Movies

by Bob 'Dex' Armstrong
 
 

Smallest theater in the world... Most crowded... Most uncomfortable seating... Screen the size of the cover of LIFE magazine... World's worst audience.

Movies on submarines were links to the world of sanity and pretty ladies. If Edison hadn't invented those reels of celluloid magic, submarine crews would have chosen up sides and killed each other in the middle of the second week out.

You picked up movies at the U.S. Naval Station Motion Picture Exchange. There were 'in port' movies and sea prints. Hollywood logic said don't give the sons of Popeye anything that will keep them from spending their hard-earned wampum at the theaters... Don't give the idiots anything that will compete with stuff we are charging to see. But, since ships at sea were manned by folks who had no opportunity to shell out their bucks to catch a flick, the Hollywood folks sent a couple of prints of every first rate new release for strictly controlled viewing at sea. These films were called 'sea prints.' Sea prints were issued by WAVES, lady sailors at the main base (N.O.B., Naval Operating Base, Norfolk) and they operated out of the Motion Picture Exchange.

If you were of dubious gender, uglier than a wild boar, had heavy body hair, an attitude like a gahdam snake and the vocabulary of an Irish sewer digger, chances are you eventually wound up shuffling sea prints at the Motion Picture Exchange. They were one tough bunch of honeys.

Some officer intimated that our chances of getting a lot finer class of film entertainment would be greatly enhanced if one of our lads would volunteer stud services for the ladies. These gals were ugly! You could toss 'em into an Iraqi P.O.W. camp and the inmates would have quickly helped them back over the wire. You would have to lie to a blind man to find someone to bed down with one of these atomic darlings. They also did not appreciate terms like, 'fat ankled lesbians.'

We used to draw a bunch of sea prints every time we went out. One big, round the clock 'movie marathon' and you had seen everything, or part of everything, in five days. By the end of the third week, you were turning off the sound and assigning speaking parts to guys watching. For example, Erol Flynn in Robin Hood...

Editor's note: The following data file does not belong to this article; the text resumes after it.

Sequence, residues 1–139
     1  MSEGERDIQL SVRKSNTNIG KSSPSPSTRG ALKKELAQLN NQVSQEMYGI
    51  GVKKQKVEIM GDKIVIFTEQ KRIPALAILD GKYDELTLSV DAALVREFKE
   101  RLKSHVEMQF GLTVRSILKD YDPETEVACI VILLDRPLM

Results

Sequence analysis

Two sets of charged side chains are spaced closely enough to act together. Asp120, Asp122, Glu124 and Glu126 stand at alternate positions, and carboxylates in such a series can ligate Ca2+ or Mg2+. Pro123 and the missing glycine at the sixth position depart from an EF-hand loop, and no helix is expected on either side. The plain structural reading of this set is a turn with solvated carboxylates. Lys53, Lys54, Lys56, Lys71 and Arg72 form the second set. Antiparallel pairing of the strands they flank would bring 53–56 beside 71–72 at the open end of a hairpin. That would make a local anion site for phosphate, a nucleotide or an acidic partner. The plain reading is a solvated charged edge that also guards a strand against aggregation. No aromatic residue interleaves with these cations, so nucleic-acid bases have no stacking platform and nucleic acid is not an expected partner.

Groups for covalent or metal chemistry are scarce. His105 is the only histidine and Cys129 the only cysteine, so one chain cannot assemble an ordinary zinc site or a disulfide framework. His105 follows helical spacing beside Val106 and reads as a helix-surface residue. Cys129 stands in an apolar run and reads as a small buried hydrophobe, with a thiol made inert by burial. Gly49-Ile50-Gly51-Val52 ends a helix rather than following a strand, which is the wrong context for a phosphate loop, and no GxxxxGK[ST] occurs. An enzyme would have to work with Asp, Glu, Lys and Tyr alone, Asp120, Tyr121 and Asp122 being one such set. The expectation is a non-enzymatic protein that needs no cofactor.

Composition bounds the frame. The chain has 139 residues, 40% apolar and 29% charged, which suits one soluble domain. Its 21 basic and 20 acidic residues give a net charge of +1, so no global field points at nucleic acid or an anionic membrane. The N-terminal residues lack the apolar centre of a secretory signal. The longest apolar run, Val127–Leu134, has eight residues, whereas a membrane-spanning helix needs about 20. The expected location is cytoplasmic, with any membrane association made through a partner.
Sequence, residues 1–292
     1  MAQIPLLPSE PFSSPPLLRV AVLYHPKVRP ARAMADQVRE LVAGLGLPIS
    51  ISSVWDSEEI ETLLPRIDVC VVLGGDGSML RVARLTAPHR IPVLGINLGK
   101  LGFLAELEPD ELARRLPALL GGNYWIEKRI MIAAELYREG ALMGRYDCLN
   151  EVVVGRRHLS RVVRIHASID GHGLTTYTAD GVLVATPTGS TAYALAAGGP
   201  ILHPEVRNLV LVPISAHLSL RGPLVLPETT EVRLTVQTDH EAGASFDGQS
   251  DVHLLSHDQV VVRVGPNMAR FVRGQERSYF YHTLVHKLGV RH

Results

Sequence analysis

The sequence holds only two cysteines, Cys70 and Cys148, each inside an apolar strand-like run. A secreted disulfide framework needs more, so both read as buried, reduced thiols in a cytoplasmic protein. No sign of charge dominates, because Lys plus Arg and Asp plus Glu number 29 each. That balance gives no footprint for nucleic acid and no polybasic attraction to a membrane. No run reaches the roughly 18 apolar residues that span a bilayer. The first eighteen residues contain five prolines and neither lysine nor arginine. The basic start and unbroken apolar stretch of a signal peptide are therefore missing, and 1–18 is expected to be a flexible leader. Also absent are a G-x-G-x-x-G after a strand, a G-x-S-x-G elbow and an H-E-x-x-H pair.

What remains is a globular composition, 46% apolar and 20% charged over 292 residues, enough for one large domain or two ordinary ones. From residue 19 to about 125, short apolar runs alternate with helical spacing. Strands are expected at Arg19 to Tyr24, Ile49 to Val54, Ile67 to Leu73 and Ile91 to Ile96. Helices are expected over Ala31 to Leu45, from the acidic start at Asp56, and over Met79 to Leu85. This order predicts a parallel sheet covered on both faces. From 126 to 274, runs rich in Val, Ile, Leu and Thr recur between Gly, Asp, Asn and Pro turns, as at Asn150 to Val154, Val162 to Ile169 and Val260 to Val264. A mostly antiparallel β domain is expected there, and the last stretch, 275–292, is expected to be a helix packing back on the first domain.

"Marion, what a cute fanny you have."

"Robin, you nasty devil, get your muddy boots out of my clean castle..."

"To hell with you sweetheart... Little John, Friar Tuck and yours truly are gonna hit Bells... Get a load on... Come back and lose lunch in King John's A/C intake..."

We rarely developed dialog above a second grade level. When you got bored with that, you could always fall back on the last resort... Show the entire film backwards. That is the absolute end of the line on the road to boredom.

When you watched a flick, you were unbelievably lucky if you found a comfortable horizontal surface upon which to park your butt. We had things called sharpshooter buckets. A sharpshooter bucket was a tapered stainless steel can designed to take nylon trash bags... We would weight those babies and shoot them out the garbage ejector. Anyway, you could take this stainless steel sharpshooter bucket, put a heavy duty clipboard on top, fold up a foul weather jacket on the clipboard, and plant your worthless fanny on top of it all. This wasn't the best seat in the house, but it came close.

Somewhere in reel two, the nerve endings in your butt died... Fanny novocaine set in... Then your legs atrophied. When the film ended and you stood up, you found that sometime in the dark, Pinocchio had swapped legs with you.

We had popcorn... You had to fight for your share at first, but after the first three bowls, gentlemanly behavior returned and you could obtain popcorn without fear of limb dismemberment or sight loss.

One gentleman returned from the Motion Picture Exchange with Hygene for WAVES, an anatomically correct training film. "Never in the field of human endeavor have so many laughed so hard at so little..." to paraphrase Winston Churchill.

The smallest theater in North America, but the most fun. Everytime someone passing through the crew's mess walked in front of the screen, twenty idiots yelled,

"Down in front!"

"Get outta the movie..."

"Debbie Reynolds looks a helluva lot better than Ralph Bednar... No offense, Ralph..."

It went on and on... Verbal pile on. Many times a lot more interesting than a film you had seen so many times that you had memorized the names of all the electricians and make-up people.

Hollywood never made any Cold War diesel boat films. Like everyone else, they ignored our contribution. I had two daughters... To them, the Navy was Richard Whatz-hiz-name in Officer and a Gentleman and Tom Cruise in Top Gun. Why didn't they cast Wildass Willie and the 6th. Fleet Shore Patrol Posse or Riders of the Last Smoke Boats?

They missed a gold mine.


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